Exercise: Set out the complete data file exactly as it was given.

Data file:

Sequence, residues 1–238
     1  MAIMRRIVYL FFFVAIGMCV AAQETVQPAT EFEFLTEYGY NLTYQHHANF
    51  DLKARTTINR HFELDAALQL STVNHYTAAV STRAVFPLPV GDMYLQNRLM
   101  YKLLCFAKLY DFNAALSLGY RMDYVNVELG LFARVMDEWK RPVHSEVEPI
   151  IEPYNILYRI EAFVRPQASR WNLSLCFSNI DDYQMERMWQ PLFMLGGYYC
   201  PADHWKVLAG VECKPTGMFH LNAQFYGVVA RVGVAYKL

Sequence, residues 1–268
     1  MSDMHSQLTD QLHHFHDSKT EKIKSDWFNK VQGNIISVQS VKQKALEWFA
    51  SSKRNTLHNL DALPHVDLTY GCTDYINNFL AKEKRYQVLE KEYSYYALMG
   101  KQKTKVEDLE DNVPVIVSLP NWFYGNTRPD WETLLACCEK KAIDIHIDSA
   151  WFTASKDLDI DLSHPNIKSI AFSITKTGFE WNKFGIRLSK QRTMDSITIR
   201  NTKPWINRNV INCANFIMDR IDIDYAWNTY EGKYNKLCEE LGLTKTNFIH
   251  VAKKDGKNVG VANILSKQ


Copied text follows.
Sequence, residues 1–238
     1  MAIMRRIVYL FFFVAIGMCV AAQETVQPAT EFEFLTEYGY NLTYQHHANF
    51  DLKARTTINR HFELDAALQL STVNHYTAAV STRAVFPLPV GDMYLQNRLM
   101  YKLLCFAKLY DFNAALSLGY RMDYVNVELG LFARVMDEWK RPVHSEVEPI
   151  IEPYNILYRI EAFVRPQASR WNLSLCFSNI DDYQMERMWQ PLFMLGGYYC
   201  PADHWKVLAG VECKPTGMFH LNAQFYGVVA RVGVAYKL

Sequence, residues 1–268
     1  MSDMHSQLTD QLHHFHDSKT EKIKSDWFNK VQGNIISVQS VKQKALEWFA
    51  SSKRNTLHNL DALPHVDLTY GCTDYINNFL AKEKRYQVLE KEYSYYALMG
   101  KQKTKVEDLE DNVPVIVSLP NWFYGNTRPD WETLLACCEK KAIDIHIDSA
   151  WFTASKDLDI DLSHPNIKSI AFSITKTGFE WNKFGIRLSK QRTMDSITIR
   201  NTKPWINRNV INCANFIMDR IDIDYAWNTY EGKYNKLCEE LGLTKTNFIH
   251  VAKKDGKNVG VANILSKQ